sally smaller

Hi Sally, welcome. It’s lovely to be her with you today

 Hi Judith, glad to be here.

Let’c start with a question most of the authors like to talk about. What were you like at school?

Old Palace School, Croydon,  a convent secondary school run by High Anglican nuns, was quite a leap from a Porthcawl primary! An incredible old building, whose dark, granite walls still pop up in my writing. Apparently, Elizabeth1 stopped there on her travels, and the place felt steeped in history. My main preoccupation was whether or not the nuns wore any knickers beneath their voluminous robes, and later on at Withington Girls’ School in Manchester, studying the pedigrees of Thoroughbred racehorses evolved from just three Arabian stallions, running a betting ‘ring’ and regularly jumping out of the window during Maths.

Were you good at English?

At Withington, we had an inspiring teacher who did read out my work. You only need one…

What are your ambitions for your writing career?

To keep writing what I want to read.

Which writers inspire you?

Too many to list, but  Emile Zola, Thomas Mann, Friedrich Dürrenmatt and Daphne du Maurier whom I’d read before starting out, still inspire me. Currently, Johan Theorin’s crime novels tick a lot of  boxes.

So, what have you written?

Since 2001, eight published noir crime/thriller/supernatural novels beginning with Wringland, set on the haunted Fens.; How to Write a Chiller Thriller; ‘Strangers Waiting’- a collection of short stories (now e-bk only); Crime short stories which are included in many outlets and CWA antholgies. Most recently, ‘Trespass’ in ‘The Mammoth Book of Jack the Ripper Stories.’ I have also written poetry for the past 20 years, exploring mainly betrayal and injustice. What lies beneath… Although many have won prizes and been widely published, I have yet to organise a collection.











*All my titles and many excerpts can be seen on  and most on Amazon. For earlier books now out of print, Abe Books can supply them.

Give us an insight into your main character. What does he/she do that is so special?

Delphine Rougier is the young, lead character in my new French crime series set mainly near Le Mans. Despite her impoverished background and a demeaning job, she dreams of becoming a gendarme. However, she must navigate her way through lies, treachery and danger to realise her ambition.

What are you working on at the minute?

This crime series. ‘Footfall’  and ‘Featherblade’ are finished. ‘Fearless’ is still in progress.

What genre are your books?

Like life, which can’t be compartmentalised, they cross genres. Crime is their core, but often involving historical/psychological/supernatural elements.











What draws you to this genre?My family background and ongoing experiences in this world of ours.

How much research do you do?Setting is crucial, and always the start, so I have to be there and bring back visual imagery. Even a shell or  a few leaves…  By the time the book is finished, there will be a thick folder of ‘on the hoof’ information gathered but not necessarily used. It’s there as bedrock.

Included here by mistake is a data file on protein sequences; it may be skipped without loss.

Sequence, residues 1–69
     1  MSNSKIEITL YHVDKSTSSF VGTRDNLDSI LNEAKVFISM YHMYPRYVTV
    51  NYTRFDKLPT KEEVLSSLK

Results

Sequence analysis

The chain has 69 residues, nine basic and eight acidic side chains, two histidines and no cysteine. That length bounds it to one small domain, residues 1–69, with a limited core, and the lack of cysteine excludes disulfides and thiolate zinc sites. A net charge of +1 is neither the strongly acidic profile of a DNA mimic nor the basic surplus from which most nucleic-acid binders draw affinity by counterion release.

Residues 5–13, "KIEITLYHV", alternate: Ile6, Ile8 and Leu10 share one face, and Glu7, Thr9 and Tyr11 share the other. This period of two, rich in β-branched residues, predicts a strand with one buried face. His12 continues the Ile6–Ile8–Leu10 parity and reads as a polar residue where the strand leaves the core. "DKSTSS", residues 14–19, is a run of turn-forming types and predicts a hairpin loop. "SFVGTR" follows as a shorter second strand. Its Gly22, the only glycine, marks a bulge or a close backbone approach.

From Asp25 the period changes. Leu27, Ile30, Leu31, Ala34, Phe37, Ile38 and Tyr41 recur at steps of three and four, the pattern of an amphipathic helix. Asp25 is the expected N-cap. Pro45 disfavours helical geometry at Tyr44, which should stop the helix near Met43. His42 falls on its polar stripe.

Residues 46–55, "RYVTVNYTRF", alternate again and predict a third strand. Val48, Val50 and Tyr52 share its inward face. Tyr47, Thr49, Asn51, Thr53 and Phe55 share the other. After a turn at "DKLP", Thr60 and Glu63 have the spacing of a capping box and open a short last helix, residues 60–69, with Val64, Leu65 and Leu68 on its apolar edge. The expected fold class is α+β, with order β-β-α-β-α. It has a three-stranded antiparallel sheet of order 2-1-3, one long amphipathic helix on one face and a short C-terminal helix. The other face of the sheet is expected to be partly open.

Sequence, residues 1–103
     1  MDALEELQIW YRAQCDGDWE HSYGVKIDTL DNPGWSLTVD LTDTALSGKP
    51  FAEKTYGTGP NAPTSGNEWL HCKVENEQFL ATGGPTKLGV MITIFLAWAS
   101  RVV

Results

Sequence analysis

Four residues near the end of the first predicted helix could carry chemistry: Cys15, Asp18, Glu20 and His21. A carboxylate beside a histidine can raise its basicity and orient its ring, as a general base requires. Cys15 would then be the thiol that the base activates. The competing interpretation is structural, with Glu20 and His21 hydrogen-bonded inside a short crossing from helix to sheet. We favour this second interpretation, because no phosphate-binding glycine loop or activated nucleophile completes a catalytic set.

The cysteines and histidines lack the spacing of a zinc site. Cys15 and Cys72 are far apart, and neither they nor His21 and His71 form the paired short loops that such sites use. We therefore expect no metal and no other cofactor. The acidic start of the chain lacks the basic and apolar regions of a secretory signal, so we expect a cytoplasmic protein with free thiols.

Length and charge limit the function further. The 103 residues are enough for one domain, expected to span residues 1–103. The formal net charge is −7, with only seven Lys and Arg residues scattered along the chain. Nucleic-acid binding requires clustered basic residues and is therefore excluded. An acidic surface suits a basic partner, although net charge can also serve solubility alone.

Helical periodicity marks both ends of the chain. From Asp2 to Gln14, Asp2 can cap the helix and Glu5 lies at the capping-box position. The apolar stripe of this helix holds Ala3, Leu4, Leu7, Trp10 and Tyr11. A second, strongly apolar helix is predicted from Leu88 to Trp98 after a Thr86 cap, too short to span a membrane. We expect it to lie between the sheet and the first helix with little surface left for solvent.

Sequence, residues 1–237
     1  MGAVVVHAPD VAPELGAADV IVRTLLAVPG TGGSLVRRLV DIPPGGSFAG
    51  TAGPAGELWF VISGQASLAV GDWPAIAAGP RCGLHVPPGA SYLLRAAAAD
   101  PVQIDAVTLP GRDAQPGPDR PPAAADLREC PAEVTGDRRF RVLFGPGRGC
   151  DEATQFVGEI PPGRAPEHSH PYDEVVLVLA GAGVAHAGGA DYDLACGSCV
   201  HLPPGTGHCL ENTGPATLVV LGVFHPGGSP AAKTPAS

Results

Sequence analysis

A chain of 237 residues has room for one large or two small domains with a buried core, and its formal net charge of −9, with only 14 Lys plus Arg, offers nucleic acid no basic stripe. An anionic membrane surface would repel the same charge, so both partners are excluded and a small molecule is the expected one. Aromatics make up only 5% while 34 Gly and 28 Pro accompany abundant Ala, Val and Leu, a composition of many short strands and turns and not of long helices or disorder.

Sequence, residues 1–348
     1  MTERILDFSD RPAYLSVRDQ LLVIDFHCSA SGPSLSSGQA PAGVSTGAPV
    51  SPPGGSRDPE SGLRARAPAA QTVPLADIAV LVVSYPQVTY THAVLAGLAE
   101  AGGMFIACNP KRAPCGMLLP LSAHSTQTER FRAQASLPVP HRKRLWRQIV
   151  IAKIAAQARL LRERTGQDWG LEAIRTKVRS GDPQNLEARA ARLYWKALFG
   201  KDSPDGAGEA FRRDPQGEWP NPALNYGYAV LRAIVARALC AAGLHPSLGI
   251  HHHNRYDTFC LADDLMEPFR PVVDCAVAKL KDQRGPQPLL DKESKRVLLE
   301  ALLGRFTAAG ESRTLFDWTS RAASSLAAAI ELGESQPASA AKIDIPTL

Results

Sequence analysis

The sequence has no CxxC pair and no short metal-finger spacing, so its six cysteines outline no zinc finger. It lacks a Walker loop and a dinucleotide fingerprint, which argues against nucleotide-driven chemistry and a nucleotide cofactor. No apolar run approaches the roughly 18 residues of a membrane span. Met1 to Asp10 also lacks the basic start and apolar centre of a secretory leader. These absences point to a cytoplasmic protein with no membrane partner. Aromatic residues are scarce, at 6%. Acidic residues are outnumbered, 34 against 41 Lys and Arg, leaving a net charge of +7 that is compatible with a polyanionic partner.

Do you write full-time or part-time?

In my head, all the time. Part-time and snatched moments. Life is complicated.

Do you have a special time to write or how is your day structured?

First thing, post-dreaming.

Do you write on a typewriter, computer, dictate or longhand?

Longhand, with drawings, maps etc. Then editing while typing on to a computer.

Where do  your ideas come from?

Observation. Being far too nosey.

Do you work to an outline or plot or do you prefer just see where an idea takes you?

When the setting’s established, I ask, who’s there? Why? Who’s been there? What’s happened?

What is the hardest thing about writing?

Getting the best words in the right order, and keeping things clear for the reader.

What was the hardest thing about writing your latest book?

Several characters in ‘The Yellowhammer’s Cradle’ a gothic horror, historical novel, set in Argyll, need to speak in dialect, to varying degrees, without confusing the reader. They had to be consistent.


What is the easiest thing about writing?

Sitting down!

How long on average does it take you to write a book?

At least a year for writing. Another for typing up/editing.

For your own reading, do you prefer ebooks or traditional paper/hard back books?


What book/s are you reading at present?

Am well into ‘Motherland’ by Thorne Moore, and ‘The Luck of the Weissensteiners’ by Christoph Fischer, and really enjoying them. Will need a complete break to be able to continue and finish.

Do you proofread/edit all your own books or do you get someone to do that for you?

Our daughter, Hannah Spedding is a professional proof reader and doesn’t miss a trick.

Do you let the book stew – leave it for a month and then come back to it to edit?

No. I do it while it’s fresh in the mind. Editing poetry however, seems never-ending.

Do you think that the cover plays an important part in the buying process?